Hector Sanchez Castaneda
Isla Vista Beat Reporter
Members of the Isla Vista Self Governance Initiative will push for an eight percent utility user tax (UUT) when presenting their finalized plan for a community services district (CSD) to the Local Agency Formation Commission (LAFCO) on Thurs., Apr. 7. I.V. residents will have the chance to vote on whether they want the tax approved and the district formed this November.
“This [plan] has been submitted to LAFCO,” Darcel Elliott, district director for the office of Assemblymember Das Williams, said during a Mar. 28 meeting. “It’s our job now to defend this plan to LAFCO.”
Should voters approve these ballot items, the I.V. CSD could be operational by March 2017, at which point the UUT would also take effect among residents of the college town.
Assembly Bill 3 — signed by Gov. Jerry Brown in October of last year — outlines eight services a CSD could potentially offer I.V. residents. But LAFCO must make the final call as to which powers an I.V. CSD can enforce upon implementation, as well as the tax rate that will appear on the ballot this November.
Cameron Schunk, a field representative in Williams’s office, along with Santa Barbara City College Trustee Jonathan Abboud, authored the plan of service submitted to LAFCO. In it, they’ve outlined how much money each service would receive under different income scenarios.
Schunk emphasized the need to get an eight percent tax passed, since some of the proposed services would have to be completely cut due to insufficient funds under the submitted plan’s five percent budget.
“If you put a five percent [tax] and it passes, we’re still going to be paying a tax and we won’t even get great services,” Schunk said.
A UUT targets local consumption of utilities such as electricity, gas, water, cable and sanitation. Though not uncommon in California, such taxes have historically been levied within the state’s more metropolitan regions, including Sacramento, San Francisco and Los Angeles Counties.
The services stakeholders are looking to fund through the CSD include a local Area Planning Commission, a Municipal Advisory Council, community facility management, a tenant-landlord mediation service, community policing, a comprehensive parking survey, graffiti abatement and general street maintenance.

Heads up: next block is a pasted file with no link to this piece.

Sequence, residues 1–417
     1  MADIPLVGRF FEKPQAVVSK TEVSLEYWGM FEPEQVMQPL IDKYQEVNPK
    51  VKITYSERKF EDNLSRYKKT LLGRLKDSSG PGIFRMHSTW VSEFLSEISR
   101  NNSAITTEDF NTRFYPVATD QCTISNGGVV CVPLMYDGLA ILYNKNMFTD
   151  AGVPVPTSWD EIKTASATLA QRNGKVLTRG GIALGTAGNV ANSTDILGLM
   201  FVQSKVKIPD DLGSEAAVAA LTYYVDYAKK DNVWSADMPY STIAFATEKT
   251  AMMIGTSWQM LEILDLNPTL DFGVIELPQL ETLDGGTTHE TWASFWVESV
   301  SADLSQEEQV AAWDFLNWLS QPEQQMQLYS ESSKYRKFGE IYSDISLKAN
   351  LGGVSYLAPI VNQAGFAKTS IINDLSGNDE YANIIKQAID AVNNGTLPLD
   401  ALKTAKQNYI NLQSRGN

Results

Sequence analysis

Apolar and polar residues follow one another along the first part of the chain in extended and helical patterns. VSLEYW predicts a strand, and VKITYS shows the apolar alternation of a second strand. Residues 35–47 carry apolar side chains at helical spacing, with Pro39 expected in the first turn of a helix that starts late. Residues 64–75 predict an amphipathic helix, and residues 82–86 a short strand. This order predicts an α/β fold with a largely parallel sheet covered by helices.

A point of contention in previous meetings had been the salary of a potential CSD general manager. Some said that the $162,500 base salary proposed by last year’s feasibility study was too high, while others argued the large sum is needed to attract worthy candidates.
In response to a recommendation from the Santa Barbara County Auditor-Controller Robert Geis, the managerial base salary was changed to $70,000 a year, with an additional $60,000 allocated for management of MAC and community facilities, according to Elliott.
The plan of service also states that the CSD will contract with the City of Santa Barbara Rental Housing Mediation Program, but new developments have been made that could alter that course of action. The University of California, Santa Barbara Community Housing Office (CHO) has indicated interest in contracting with the district to assist non-student residents with tenant mediation, according to Elliott.
“They said it would be really easy for them to expand [their service],” Elliott said.
Third-year history of public policy major Paola Dela Cruz — who also serves as UCSB’s External Vice President for Local Affairs (EVPLA) within Associated Students — expressed some reservations about the CHO serving non-affiliates in this context. Given the office’s main focus on students, she suggested it may not be properly equipped to handle non-students as well.
A pledged $200,000 yearly payment from UCSB will be fully incorporated into the management and maintenance of the planned community building, according to Schunk.
The LAFCO meeting to decide the CSD’s functional fate will be held Thurs., Apr. 7 at 1 p.m. in the downtown Santa Barbara County Administration Building.